12 September 2012

Protecting Bank Notes and Other Documents From Counterfeiting Using Invisible QR Codes

The QR code (Quick Response Code) was invented in 1994 in Japan by the Denso Wave company. It was primarily used to track vehicle and vehicle parts during manufacturing. It is a type of barcode that has now gained popularity as well as a myriad of uses.

The advantage of the QR code above a regular bar code is that it can be read fast by devices as well as hold more data than a regular UPC code. The QR code is arranged in a square pattern with dots arranged inside to reflect the data stored. The dots are black while the background of the square is white.

Information carried by a QR code can be numeric, alphanumeric, binary, or even kanji. Other types of data can be carried through supported extensions.

QR Codes are read by an image sensor. The sensor detects the corners of the code and using digital processing converts the dots it detects inside the square into binary numbers while also validating the data from error-correcting codes also within the square.

Invisible QR codes tackle counterfeit bank notes

An invisible quick response (QR) code has been created by researchers in an attempt to increase security on printed documents and reduce the possibility of counterfeiting, a problem which costs governments and private industries billions of pounds each year.

Publishing their research today, 12 September, in IOP Publishing's journal Nanotechnology, the researchers from the University of South Dakota and South Dakota School of Mines and Technology believe the new style of QR code could also be used to authenticate virtually any solid object.

The QR code is made of tiny nanoparticles that have been combined with blue and green fluorescence ink, which is invisible until illuminated with laser light. It is generated using computer-aided design (CAD) and printed onto a surface using an aerosol jet printer.

Video: The world's most secure QR codes

According to the researchers, the QR code will add an increased level of security over existing counterfeiting methods as the complexity of the production process makes it very difficult to replicate.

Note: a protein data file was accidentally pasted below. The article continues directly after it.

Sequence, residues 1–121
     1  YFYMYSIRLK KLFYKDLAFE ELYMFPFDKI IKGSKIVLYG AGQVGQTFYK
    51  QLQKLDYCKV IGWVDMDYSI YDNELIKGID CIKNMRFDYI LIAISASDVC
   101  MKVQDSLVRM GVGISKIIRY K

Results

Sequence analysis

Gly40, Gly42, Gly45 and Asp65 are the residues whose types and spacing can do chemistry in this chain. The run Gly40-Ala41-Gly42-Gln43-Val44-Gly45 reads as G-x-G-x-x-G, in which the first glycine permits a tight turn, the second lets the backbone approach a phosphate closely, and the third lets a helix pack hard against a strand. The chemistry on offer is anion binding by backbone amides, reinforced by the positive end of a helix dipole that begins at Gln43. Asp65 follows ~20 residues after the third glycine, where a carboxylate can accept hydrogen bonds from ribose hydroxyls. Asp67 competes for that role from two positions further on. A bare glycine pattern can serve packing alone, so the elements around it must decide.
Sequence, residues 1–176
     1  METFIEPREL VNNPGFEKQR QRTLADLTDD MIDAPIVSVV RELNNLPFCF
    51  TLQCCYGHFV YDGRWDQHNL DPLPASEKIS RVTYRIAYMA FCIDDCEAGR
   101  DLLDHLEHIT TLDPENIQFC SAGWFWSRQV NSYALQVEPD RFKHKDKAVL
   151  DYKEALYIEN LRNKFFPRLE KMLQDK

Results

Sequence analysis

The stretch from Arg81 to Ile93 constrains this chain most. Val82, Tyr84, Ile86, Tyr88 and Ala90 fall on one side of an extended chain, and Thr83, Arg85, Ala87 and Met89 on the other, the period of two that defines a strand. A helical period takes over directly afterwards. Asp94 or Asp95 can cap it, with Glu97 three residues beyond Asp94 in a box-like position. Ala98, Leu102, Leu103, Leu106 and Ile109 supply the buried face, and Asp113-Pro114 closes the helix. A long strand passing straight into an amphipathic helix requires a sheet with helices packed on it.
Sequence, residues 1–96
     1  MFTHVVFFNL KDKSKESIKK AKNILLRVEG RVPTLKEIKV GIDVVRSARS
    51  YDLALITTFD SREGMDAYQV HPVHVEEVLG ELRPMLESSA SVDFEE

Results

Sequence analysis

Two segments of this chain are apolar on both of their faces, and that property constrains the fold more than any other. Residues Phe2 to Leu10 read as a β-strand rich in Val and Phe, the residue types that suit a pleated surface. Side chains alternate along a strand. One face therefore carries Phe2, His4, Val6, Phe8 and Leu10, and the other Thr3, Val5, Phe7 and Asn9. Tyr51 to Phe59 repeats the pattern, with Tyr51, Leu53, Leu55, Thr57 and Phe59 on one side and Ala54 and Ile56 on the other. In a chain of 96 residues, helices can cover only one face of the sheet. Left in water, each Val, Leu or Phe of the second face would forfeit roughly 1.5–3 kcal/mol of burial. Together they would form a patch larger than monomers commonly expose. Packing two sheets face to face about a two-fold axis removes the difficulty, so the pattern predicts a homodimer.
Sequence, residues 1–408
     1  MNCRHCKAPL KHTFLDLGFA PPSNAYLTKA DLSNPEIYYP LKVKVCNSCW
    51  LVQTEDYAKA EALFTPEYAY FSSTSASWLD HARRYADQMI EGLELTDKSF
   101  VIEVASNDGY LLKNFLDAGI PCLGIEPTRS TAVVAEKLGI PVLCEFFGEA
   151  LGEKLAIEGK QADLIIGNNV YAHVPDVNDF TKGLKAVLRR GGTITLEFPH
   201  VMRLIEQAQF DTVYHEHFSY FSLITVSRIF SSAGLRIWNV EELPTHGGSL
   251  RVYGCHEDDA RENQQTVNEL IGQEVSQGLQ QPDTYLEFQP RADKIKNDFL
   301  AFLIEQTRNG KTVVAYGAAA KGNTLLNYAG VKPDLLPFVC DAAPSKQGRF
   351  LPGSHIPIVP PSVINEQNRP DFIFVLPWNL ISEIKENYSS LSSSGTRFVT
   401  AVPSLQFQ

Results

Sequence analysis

The combination of the blue and green inks also enabled the researchers to experiment with a variety of characters and symbols in different colours and sizes, varying from microscopic to macroscopic. Embedding these into the QR code further increases the level of security.

Under normal lighting conditions the QR code is invisible but becomes visible when near infra-red light is passed over it. This process, known as upconversion, involves the absorption of photons by the nanoparticles at a certain wavelength and the subsequent emission of photons at a shorter wavelength.

Once illuminated by the near infra-red light, the QR code can be read by a smartphone in the conventional manner.

QR codes can hold one hundred times more information than conventional barcodes and have traditionally been used in advertising and marketing. For example, simply scanning a QR code on a commercial product with a smartphone will take the user to a company's website, giving them more information about the product they are scanning.

The nanoparticles that were used to print the QR code are both chemically and mechanically stable meaning they could withstand the stresses and strains of being placed on paper. To prove this, the researchers printed the QR code onto a piece of paper and then randomly folded it fifty times; the code was still readable.

In addition to being printed on paper, the QR code has also been printed on glass and a flexible plastic film, demonstrating its applicability to a wide variety of solid commercial goods. The fact that the QR code is invisible is also beneficial as it would not interfere with the physical appearance of the goods.

The whole procedure took one-and-a-half hours, from the CAD process to the printing and then the scanning; however, the researchers are confident that once the QR file has been created, the printing en masse for commercial use would take around 10-15 minutes.

Lead author of the study, Jeevan Meruga, said: "The QR code is tough to counterfeit. We can also change our parameters to make it even more difficult to counterfeit, such as controlling the intensity of the upconverting light or using inks with a higher weight percentage of nanoparticles.

"We can take the level of security from covert to forensic by simply adding a microscopic message in the QR code, in a different coloured upconverting ink, which then requires a microscope to read the upconverted QR code."


Institute of Physics
University of South Dakota
South Dakota School of Mines and Technology
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